Fachbereich Veterinärmedizin



    Untersuchungen zur Azotämie bei Heimtierkaninchen (2016)

    Madel, Anne (WE 20)
    Berlin: Mensch und Buch Verlag, 2016 — VI, 256 Seiten
    ISBN: 978-3-86387-748-4
    URL (Volltext): http://www.diss.fu-berlin.de/diss/receive/FUDISS_thesis_000000103124
    Klinik für kleine Haustiere

    Oertzenweg 19 b
    Haus 1
    14163 Berlin
    +49 30 838 62356

    Abstract / Zusammenfassung

    The aim of this study was to evaluate clinical, laboratory, imaging and pathological findings of pet rabbits with azotemia (plasma creatinine concentration > 166 μmol/l) and to differentiate prerenal, renal [acute renal failure (ARF) and chronic renal failure (CRF)] and post renal azotemia using several criteria. In addition, the course and causes of azotemia were evaluated and compared between azotemia groups.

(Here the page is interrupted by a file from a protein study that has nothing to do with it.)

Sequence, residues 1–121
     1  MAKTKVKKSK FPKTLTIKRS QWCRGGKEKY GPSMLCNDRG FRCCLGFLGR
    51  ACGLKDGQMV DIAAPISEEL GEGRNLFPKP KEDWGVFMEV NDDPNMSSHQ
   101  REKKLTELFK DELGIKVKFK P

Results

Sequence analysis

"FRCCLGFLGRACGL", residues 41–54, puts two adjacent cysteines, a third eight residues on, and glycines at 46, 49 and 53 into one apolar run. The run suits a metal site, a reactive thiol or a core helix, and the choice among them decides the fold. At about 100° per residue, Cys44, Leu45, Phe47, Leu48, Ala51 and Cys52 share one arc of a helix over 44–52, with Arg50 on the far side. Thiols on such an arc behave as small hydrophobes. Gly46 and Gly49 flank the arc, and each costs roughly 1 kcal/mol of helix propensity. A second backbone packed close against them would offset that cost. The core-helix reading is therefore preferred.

In a period of 13 years (2000 to 2013), data from 161 pet rabbits (50 animals prospectively, 111 retrospectively) were evaluated and the animals were divided into three azotemia groups. Rabbits with renal azotemia were the largest group (83/161), followed by animals with prerenal (30/161) and post renal (10/161) azotemia. Nearly a quarter of the rabbits (38/161) could not be reliably assigned to one of the azotemia groups through inconsistent findings. Within the renal azotemia group the majority of rabbits suffered CRF (56/83), ARF was less common (27/83). In all the azotemia groups mainly middle-aged rabbits were affected (median: 4 years). The animals of the CRF group were significantly older than the rabbits of the ARF group (median: 5.5 years; p = 0.013). The reasons of clinical presentation or the symptoms of rabbits with azotemia were mostly nonespecific. Anorexia occured most frequently (44 %, 70/161), followed by apathy (24 %, 39/161) and neurological symptoms (15 %, 24/161). Typical clinical signs of renal azotemia in dogs and cats like weight loss (14/161) and polyuria/polydipsia (4/161), however, were rarely observed. In most rabbits, clinical examination revealed a light (58/161) to moderately (47/161) reduced general condition, 27 % (43/161) of the rabbits were presented with hypothermia. Blood pressure was reduced in 57 % (12/21) of the animals. Creatinine concentrations of rabbits with ARF were significantly higher than in animals with prerenal and post renal azotemia. Despite increased creatinine concentrations (179-505 μmol/l) the urea concentration was found tob e within the reference range in 10 % (15/154) of the rabbits. In 17 animals with a slight elevation of the creatinine concentration (< 268 μmol/l) a high concentration of urea was found (17- 45 mmol/l). Hyperphosphatemia and hypocalcemia (total and ionized calcium) were most frequently observed (75/122, 42/123,20/56). In addition, hyperkalemia (48/118) and hyponatremia (44/108) were found in rabbits with renal azotemia. Total protein concentration and albumin concentration were reduced in 28 % (36/127) and 70 % (66/95) of the rabbits, respectively.. Hypoglycaemia (26 %, 33/128) was more common than hyperglycaemia (6 %, 7/128) in all azotemia groups. The activity of AST was significantly higher in the ARF group compared to the CRF group (p = 0.012). Anemia was diagnosed in 41 % and leukocytosis in 28 % (39/142), mainly in the renal group (25/39). Serology revealed a positive titer against Encephalitozoon cuniculi in 40 of 59 rabbits. Acidic pH of the urine was found in 52 % (40/77) of the rabbits. Half of the animals in the CRF group had a urine specific gravity between 1.011 to 1.016. In 58 % (45/78) of the urine samples protein, in 84 % (67/80) blood and in 12 % (9/77) leukocytes were detected by urine dipstick. Erythrocytes were found in 80 % (56/70) and leukocytes in 60 % (41/68) of the urine samples during microscopic examination. Radiographic findings of rabbits with azotemia were kidney conglomerates (9/29), renal sludge (8/29) and a combination of both (7/29). In two rabbits a calcified aorta was detected, in one case accompanied with a generalized osteosclerosis. 67 % (108/161) of the rabbits died or were euthanized due to a poor general condition or a poor prognosis, 25 % (40/161) of the rabbits were released. In all rabbits with prerenal and post renal azotemia creatinine and urea concentrations decreased during treatment or after removal of the obstruction. Additional diseases were found in 70 % (112/161) of the rabbits. Diseases of the gastrointestinal tract (30/135) and the central/peripheral nervous system (28/135) occurred more frequently. Predominantly inflammatory renal changes were found during post mortems of 57 rabbits (37/57), followed by degenerative changes (20/57).